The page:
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Original Research ARTICLE

Front. Surg., 12 November 2020 |

Risk Factors for Higher Volume of Hemorrhage in Ruptured Anterior Circulation Intracranial Aneurysms

Xiaolong Ya1, Chaoqi Zhang1, Jichao Liu2, Shuo Zhang1, Qian Zhang2, Shuo Wang2,3, Yong Cao2,3 and Jizong Zhao2,3*
  • 1Department of Neurosurgery, Beijing Tiantan Hospital, Capital Medical University, Beijing, China
  • 2Beijing Tiantan Hospital, Capital Medical University, Beijing, China
  • 3National Clinical Research Center for Neurological Diseases, Beijing, China

Purpose: To explore the influencing factors of volume hemorrhage in ruptured anterior circulation aneurysms, so as to identify the characteristics of anterior circulation aneurysms with high volume of hemorrhage, and to provide advice for clinical diagnosis and treatment for those aneurysms.

Methods: We retrospectively reviewed 437 cases of ruptured anterior intracranial aneurysms in our center between the years 2012 and 2017. According to the inclusion criteria, a total of 100 qualified patients were screened out. We collected demographic characteristics, environmental exposure, and admission status of enrolled patients. In addition, morphological parameters and location of aneurysms were also included. The semiautomatic threshold method was used to measure the volume of hemorrhage. According to the results, the patients were divided into the group with high blood volume and low blood volume. Univariate and multivariate logistic regression analyses were used to discover the related factors affecting the bleeding volume.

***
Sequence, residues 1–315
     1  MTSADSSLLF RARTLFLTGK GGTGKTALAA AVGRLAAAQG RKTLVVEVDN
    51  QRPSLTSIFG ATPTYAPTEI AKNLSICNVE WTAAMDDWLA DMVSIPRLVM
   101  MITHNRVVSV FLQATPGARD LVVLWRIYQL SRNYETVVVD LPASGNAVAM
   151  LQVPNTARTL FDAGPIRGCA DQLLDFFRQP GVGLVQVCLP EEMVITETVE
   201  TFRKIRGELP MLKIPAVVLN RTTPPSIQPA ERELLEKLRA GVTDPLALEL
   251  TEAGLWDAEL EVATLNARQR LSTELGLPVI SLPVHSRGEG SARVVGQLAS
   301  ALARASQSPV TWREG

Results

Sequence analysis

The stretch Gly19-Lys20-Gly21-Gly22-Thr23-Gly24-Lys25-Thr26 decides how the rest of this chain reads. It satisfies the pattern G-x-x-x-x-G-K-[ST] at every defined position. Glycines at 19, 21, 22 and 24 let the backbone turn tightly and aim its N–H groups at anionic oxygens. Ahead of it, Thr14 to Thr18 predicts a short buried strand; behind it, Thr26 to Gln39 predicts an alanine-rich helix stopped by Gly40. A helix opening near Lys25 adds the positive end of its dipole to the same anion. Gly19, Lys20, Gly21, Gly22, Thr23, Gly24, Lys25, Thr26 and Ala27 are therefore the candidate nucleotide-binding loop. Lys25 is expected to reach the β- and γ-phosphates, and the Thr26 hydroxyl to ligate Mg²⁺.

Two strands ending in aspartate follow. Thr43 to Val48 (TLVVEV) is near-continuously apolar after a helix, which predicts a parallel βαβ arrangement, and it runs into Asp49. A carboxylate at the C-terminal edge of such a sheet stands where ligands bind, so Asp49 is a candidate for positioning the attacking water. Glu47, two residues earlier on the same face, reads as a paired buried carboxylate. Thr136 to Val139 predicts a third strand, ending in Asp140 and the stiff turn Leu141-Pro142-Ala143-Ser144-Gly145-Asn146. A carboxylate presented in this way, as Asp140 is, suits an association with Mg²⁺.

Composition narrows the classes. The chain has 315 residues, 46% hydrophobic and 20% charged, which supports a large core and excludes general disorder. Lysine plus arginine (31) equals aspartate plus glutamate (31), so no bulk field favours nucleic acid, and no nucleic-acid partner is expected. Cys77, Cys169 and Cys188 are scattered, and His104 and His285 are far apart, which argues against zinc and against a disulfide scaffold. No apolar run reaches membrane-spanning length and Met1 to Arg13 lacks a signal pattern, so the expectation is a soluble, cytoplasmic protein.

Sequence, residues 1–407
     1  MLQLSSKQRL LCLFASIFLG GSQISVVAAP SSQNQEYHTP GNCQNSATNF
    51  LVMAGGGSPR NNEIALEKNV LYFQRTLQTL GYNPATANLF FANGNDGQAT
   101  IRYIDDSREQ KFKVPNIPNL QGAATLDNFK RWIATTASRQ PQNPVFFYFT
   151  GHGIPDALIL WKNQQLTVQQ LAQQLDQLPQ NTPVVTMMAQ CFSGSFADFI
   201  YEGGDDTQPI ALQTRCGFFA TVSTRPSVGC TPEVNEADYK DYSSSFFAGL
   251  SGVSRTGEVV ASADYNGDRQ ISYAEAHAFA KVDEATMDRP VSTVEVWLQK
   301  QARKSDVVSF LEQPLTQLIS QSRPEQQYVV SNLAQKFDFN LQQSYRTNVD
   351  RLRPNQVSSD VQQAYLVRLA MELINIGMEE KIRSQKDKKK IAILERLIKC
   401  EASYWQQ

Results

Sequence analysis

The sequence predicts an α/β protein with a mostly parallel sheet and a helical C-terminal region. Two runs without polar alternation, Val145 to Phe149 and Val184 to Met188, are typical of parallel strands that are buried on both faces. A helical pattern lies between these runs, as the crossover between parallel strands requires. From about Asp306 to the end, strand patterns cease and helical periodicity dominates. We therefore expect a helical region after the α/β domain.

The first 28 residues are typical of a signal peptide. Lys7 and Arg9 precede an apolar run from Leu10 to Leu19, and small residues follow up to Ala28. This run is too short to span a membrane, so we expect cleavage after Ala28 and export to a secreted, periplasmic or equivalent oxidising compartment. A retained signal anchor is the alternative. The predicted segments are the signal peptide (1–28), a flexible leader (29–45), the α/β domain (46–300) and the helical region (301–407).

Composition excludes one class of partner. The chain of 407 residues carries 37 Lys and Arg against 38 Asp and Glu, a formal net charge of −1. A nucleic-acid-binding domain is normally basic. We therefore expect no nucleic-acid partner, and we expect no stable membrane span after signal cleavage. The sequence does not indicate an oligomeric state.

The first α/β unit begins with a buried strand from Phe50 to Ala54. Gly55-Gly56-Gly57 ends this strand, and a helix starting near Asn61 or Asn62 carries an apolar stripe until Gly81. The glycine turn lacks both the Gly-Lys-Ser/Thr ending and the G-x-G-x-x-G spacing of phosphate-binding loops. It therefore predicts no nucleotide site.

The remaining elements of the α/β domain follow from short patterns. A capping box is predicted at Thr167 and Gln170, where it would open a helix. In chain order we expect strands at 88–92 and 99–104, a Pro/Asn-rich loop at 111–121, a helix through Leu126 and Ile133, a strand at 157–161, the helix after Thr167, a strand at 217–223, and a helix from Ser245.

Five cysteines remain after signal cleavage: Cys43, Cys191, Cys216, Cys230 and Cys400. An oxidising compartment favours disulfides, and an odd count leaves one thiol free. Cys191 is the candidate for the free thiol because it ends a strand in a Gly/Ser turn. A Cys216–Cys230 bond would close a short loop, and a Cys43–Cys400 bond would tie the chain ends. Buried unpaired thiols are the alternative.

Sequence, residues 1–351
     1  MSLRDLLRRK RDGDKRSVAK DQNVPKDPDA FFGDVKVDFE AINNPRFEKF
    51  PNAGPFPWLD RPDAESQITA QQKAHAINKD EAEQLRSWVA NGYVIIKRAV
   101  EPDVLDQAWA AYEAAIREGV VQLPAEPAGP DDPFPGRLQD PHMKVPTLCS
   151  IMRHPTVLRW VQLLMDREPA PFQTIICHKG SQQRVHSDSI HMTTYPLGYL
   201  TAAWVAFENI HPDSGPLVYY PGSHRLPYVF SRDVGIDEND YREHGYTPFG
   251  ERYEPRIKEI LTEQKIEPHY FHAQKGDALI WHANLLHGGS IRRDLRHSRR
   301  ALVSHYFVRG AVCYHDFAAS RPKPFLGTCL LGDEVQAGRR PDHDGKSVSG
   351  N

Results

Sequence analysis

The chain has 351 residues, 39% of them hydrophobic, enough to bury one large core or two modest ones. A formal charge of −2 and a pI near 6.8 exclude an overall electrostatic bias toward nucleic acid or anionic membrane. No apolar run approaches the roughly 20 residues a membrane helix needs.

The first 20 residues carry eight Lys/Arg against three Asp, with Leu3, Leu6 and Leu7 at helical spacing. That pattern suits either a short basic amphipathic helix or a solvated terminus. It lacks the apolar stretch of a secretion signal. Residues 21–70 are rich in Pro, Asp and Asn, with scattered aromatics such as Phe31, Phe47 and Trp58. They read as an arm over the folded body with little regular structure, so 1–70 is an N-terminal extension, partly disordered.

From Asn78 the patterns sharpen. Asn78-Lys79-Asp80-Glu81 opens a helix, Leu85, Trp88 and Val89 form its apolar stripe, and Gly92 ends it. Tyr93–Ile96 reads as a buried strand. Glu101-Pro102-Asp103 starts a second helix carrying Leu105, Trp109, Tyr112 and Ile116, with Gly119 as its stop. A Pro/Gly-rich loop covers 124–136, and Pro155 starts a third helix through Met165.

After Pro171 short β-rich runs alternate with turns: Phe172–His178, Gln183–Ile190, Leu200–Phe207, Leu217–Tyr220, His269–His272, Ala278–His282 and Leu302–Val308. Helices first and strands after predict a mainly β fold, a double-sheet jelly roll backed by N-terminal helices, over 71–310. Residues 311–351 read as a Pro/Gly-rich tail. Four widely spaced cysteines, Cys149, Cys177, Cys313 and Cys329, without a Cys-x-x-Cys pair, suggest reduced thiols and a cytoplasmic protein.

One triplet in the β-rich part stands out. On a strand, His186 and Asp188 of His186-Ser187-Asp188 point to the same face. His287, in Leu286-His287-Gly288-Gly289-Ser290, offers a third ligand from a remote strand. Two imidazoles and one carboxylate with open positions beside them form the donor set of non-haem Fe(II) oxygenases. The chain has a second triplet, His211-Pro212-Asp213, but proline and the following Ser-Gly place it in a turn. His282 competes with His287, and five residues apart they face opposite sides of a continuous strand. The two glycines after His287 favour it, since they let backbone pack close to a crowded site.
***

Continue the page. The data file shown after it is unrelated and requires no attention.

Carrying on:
Results: In univariable analysis, pulse pressure (P = 0.014) showed a significant difference at the P < 0.05 test level. In terms of aneurysm morphology, the irregular shape (P < 0.001), calcification (P = 0.001), and flow angle (P = 0.006) showed significant statistical differences between the two groups at the P < 0.01 level (P < 0.01). Multivariate logistic regression analysis showed that irregular shape (OR = 5.370 P = 0.002 < 0.05), large flow angle (OR = 1.033 P = 0.016 < 0.05), and calcification (OR = 5.460 P = 0.003 < 0.05) were risk factors for volume of hemorrhage in ruptured anterior circulation aneurysms. The influence of hypertension history was at critical state (OR = 2.877 P = 0.051 > 005).

Conclusions: According to our analysis results, intracranial anterior circulation aneurysms with irregular shapes, calcifications, and large flow angle are more dangerous. Aneurysms with these characteristics often have a large amount of hemorrhage, requiring timely treatment in clinical practice.